First we banned MySpace on campus. Then we unbanned it due to large numbers of student complaints. Then we rebanned it only during the morning hours when computer lab traffic is heaviest. After 2:00 each day the block is lifted.
The controversy might be the most excitement we've had in years. Add to this that the MySpace ban also affected our campus connection to Thomson.turnitin.com, and things have been downright chaotic. My students now joke that anything that goes wrong is a result of the MySpace ban.
It might take a little while, but sooner or later whatever is troubling the rest of world makes its way to Mississippi.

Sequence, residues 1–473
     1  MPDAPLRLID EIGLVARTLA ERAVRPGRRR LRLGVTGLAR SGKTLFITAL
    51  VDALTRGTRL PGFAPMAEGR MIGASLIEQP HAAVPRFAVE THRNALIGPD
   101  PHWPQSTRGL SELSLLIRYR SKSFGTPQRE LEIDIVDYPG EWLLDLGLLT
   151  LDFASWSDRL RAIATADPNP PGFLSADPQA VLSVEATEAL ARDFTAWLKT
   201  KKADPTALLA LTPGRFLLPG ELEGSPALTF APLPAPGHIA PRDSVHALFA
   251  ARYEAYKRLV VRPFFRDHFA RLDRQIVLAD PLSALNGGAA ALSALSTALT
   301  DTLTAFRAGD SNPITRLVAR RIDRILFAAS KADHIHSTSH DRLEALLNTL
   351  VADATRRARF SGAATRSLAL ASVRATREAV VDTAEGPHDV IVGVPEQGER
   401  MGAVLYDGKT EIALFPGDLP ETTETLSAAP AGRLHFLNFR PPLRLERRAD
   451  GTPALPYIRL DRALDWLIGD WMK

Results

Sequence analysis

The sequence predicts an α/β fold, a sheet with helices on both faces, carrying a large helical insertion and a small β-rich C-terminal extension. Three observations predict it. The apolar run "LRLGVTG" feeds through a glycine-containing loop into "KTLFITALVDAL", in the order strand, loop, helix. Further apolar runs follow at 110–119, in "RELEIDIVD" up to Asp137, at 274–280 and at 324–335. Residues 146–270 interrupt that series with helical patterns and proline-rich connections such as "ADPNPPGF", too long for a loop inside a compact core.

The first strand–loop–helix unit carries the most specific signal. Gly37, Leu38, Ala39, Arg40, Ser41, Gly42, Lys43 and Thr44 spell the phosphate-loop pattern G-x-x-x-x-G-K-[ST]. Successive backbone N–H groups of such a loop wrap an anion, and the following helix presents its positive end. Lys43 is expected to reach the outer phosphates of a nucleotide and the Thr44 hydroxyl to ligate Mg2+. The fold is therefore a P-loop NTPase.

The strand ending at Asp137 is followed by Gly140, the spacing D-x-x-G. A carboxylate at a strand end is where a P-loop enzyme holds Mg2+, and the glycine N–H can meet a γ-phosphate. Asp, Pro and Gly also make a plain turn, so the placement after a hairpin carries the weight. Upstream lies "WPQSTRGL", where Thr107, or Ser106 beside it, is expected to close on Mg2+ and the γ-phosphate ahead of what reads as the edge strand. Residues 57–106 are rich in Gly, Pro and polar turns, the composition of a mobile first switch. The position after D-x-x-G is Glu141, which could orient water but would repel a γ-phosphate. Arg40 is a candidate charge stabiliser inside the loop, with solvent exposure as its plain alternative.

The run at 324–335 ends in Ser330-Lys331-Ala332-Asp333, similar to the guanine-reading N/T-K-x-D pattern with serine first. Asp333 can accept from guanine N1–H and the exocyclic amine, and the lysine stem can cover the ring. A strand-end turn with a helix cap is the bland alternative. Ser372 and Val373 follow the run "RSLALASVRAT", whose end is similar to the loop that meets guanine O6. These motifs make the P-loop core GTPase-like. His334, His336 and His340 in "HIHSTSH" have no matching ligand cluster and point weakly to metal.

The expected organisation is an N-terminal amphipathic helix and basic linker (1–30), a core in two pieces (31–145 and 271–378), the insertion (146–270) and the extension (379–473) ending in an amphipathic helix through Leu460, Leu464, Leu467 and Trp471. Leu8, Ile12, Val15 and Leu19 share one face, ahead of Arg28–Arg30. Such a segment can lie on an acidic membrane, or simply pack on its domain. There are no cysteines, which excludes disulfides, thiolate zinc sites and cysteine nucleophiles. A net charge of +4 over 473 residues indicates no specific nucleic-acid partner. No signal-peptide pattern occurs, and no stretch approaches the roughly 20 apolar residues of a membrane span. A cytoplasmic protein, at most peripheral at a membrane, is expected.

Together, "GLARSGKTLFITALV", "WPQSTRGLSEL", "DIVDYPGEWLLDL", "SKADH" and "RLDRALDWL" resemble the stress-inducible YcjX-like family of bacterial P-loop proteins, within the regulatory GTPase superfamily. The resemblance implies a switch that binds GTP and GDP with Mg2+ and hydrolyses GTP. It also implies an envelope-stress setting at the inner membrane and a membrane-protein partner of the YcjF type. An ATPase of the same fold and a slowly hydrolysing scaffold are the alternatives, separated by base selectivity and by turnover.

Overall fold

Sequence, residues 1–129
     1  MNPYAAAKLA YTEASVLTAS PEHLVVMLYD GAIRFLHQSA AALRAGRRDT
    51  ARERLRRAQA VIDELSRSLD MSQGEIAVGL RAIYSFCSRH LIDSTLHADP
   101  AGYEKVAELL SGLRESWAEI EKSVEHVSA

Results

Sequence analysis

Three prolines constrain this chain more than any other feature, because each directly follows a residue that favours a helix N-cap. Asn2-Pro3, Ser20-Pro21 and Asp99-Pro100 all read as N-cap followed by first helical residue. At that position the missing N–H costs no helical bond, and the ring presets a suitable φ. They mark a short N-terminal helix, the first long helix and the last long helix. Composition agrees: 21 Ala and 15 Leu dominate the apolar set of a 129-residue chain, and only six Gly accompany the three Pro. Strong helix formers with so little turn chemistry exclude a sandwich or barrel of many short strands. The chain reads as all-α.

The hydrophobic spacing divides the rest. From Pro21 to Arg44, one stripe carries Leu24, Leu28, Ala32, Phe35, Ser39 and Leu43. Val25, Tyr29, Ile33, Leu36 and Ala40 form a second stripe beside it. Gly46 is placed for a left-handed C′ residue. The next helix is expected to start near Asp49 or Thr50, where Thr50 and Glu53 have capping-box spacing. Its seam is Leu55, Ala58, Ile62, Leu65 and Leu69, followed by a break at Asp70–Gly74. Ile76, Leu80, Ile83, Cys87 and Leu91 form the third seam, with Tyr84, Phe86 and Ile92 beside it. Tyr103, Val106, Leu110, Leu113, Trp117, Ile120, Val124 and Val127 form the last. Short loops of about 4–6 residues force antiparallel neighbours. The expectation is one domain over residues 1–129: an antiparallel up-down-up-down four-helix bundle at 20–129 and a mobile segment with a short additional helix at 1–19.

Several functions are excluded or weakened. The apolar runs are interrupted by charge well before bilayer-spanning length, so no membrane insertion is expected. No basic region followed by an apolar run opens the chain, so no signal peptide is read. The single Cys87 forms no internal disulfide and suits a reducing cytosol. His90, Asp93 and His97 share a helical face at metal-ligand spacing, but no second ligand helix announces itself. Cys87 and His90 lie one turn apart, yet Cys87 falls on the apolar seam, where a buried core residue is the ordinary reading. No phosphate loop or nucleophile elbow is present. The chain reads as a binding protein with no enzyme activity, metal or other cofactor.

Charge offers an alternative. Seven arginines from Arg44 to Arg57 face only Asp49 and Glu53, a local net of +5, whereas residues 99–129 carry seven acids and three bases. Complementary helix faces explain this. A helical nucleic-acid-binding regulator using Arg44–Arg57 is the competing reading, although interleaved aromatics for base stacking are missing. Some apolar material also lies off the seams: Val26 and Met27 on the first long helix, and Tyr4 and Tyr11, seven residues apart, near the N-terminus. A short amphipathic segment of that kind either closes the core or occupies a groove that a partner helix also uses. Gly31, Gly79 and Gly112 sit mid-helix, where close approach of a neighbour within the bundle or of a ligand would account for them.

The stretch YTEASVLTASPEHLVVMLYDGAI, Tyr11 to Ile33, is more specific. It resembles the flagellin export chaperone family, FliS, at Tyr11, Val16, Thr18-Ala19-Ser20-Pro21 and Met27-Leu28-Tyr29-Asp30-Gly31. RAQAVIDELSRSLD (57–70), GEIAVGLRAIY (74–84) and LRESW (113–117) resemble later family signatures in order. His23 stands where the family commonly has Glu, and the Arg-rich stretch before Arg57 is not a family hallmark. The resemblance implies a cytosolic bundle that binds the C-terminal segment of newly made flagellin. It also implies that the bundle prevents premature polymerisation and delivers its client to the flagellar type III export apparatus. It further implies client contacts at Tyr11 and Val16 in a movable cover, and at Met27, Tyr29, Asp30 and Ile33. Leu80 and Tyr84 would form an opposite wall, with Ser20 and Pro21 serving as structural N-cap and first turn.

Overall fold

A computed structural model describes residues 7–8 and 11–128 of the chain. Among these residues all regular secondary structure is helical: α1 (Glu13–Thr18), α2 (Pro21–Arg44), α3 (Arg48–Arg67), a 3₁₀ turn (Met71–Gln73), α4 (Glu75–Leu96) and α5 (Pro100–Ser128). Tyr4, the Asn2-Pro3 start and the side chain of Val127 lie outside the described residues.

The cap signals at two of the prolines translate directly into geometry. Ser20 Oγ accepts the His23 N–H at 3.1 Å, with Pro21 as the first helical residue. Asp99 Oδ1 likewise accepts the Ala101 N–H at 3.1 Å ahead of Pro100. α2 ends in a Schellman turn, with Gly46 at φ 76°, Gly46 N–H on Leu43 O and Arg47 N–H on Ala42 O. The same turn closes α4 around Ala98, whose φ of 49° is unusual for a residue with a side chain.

There are good arguments for the ban, though I don't agree with the sheer nervousness over what the students might be up to on there. My only real concession to the ban is that our campus isn't prepared to have massive numbers of students building social lives around our school computers. They were overwhelming our labs. Immediately before the ban, I walked into one of the student labs and saw nothing but MySpace. It was something to behold--a whole sea of social networking probably among people who could have gotten up and walked across the room to speak to each other.
Still, there's a lot to be said for students feeling like they do have a social network at school. In the old days, three or four years ago, we were often told that students who got involved socially on campus were much more likely to stay in school. To our way of thinking way back then this meant clubs and organizations. Maybe it means something else today. Maybe it is time for the campus to reorganize to meet the needs of the students rather than the other way around. Maybe.